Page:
The alarm. It wasn’t my phone and the sound was new and rude. It was 4.30am and Jason had forgotten to turn his alarm off before passing the work phone over to me. I cursed him and tried to get back to sleep, but my head was busy trying to remember the day to day jobs that needed doing. A strange but familiar sound drifted through the open window; shearwaters. I was back on Skomer, and had fallen asleep to this sound hundreds of times.
I worked on Skomer in 2014 as the Visitor Officer, and had been called by Jason, the Assistant Warden, to see if I could cover him for a week so he could undertake a scientific expedition to St Kilda to study seabirds with some old colleagues. I believe this sort of trip is called “a jolly”. I’m not sure what that means – it must be a technical term. Of course I readily agreed, and arrived in time to be handed the work phone and a job list that included cleaning out the compost loos. Thanks Jason.
I was excited to be back. Skomer in June is full of energy. Everyone and everything is busy. Visitors climb the steps wide eyed at the puffins and the seabirds, staff and volunteers are busy with surveys, and the birds themselves are busy as their eggs hatch and they begin the frantic feeding of their young.
Despite a demanding schedule that included giving introduction talks to visitors, helping on the island’s boat conduct seabird counts, assisting with the annual shearwater census, and regardless of the high number of visitors, the island was full of quiet, inspiring moments. It can be the views, coloured by bluebells and campion, or it can be the wildlife; the glare of a short-eared owl or the flash of a peregrine. I’ve had some great moments in my week on Skomer, just about enough to forgive Jason for the unexpected alarm call.
|Skomer is popular: some of our lovely visitors queuing for tickets on the mainland|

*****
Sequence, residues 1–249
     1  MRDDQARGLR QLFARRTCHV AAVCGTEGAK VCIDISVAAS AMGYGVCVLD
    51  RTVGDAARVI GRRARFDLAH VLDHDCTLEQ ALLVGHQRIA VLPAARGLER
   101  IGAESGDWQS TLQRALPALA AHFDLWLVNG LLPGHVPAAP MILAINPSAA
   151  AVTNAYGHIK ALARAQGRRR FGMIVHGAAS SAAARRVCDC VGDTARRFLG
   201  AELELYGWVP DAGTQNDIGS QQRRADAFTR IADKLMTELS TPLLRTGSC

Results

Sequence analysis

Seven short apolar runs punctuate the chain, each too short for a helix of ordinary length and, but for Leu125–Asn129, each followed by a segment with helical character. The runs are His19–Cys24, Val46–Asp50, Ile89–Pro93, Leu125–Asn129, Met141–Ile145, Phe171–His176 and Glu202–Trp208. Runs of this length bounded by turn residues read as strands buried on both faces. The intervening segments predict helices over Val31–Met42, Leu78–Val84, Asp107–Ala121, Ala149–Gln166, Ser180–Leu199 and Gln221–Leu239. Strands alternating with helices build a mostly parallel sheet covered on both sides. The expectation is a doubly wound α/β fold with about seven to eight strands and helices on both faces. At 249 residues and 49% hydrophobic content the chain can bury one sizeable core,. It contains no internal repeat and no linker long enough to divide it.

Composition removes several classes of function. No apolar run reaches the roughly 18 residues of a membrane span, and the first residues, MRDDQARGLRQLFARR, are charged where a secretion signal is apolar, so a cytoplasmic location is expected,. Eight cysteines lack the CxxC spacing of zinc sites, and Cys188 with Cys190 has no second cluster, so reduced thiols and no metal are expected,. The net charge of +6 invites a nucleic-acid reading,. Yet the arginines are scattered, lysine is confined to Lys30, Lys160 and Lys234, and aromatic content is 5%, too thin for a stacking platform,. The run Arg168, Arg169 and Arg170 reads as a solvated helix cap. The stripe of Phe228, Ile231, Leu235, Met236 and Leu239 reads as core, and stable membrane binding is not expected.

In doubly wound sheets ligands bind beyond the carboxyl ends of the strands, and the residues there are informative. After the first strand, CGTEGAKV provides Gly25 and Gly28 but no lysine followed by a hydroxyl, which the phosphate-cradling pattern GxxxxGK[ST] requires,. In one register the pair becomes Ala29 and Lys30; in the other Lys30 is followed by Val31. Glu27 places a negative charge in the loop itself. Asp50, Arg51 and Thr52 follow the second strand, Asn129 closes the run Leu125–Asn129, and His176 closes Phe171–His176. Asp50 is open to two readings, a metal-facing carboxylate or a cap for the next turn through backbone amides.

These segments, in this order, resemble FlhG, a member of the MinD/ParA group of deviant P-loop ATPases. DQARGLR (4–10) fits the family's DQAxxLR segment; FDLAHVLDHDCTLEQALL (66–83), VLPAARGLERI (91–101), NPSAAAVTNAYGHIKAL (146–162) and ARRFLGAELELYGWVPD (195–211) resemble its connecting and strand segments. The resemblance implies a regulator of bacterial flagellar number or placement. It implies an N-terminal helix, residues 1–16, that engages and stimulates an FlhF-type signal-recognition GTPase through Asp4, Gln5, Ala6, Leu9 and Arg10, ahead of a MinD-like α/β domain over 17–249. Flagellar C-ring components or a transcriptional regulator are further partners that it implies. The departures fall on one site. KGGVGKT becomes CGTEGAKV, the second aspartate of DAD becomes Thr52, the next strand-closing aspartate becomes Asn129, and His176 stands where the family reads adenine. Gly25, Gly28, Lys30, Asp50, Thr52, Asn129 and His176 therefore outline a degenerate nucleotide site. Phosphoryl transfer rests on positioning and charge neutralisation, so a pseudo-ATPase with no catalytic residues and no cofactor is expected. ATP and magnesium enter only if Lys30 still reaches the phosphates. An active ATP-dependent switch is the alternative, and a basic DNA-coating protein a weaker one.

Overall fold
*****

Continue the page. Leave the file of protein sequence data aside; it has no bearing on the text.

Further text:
|Also a large crowd but this time not humans but 13 Shelduck ducklings|
The shearwater census has started, and I spent a good amount of time with one arm down a burrow, playing a recorded shearwater call and hoping for a response from a shearwater sitting on an egg. Although it’s a scientific survey and is completely impartial, it was always a great feeling when the shearwater called back from the safety of its burrow. And I was always amazed to stand back and think about how many shearwaters are under the survey area we’d just finished.
|Doing shearwater census|
I enjoyed my immersion back into island life. I’m always impressed by the elemental nature of island living and the necessary self-reliance that goes with it. Things can’t be thrown away, recycling must be carried off the island, gas and water are in limited supply. If something needs repairing, then repair it. Being mindful of all these things could be seen as a hardship by some, but to me it makes island life all that more special. I like to think of it as a modern frontier lifestyle, the sort of which is hard to find, and all the more rewarding when you do.
I think my favourite thing about returning to Skomer was catching up with the island team. Of course there are new faces since my season, but there seems to be a great mix of people on Skomer this year, and the wardens are really enjoying getting stuck into the busiest time of year. The birds are always the stars of the Skomer show, but the island is also a community, and this year the community is at its busy best.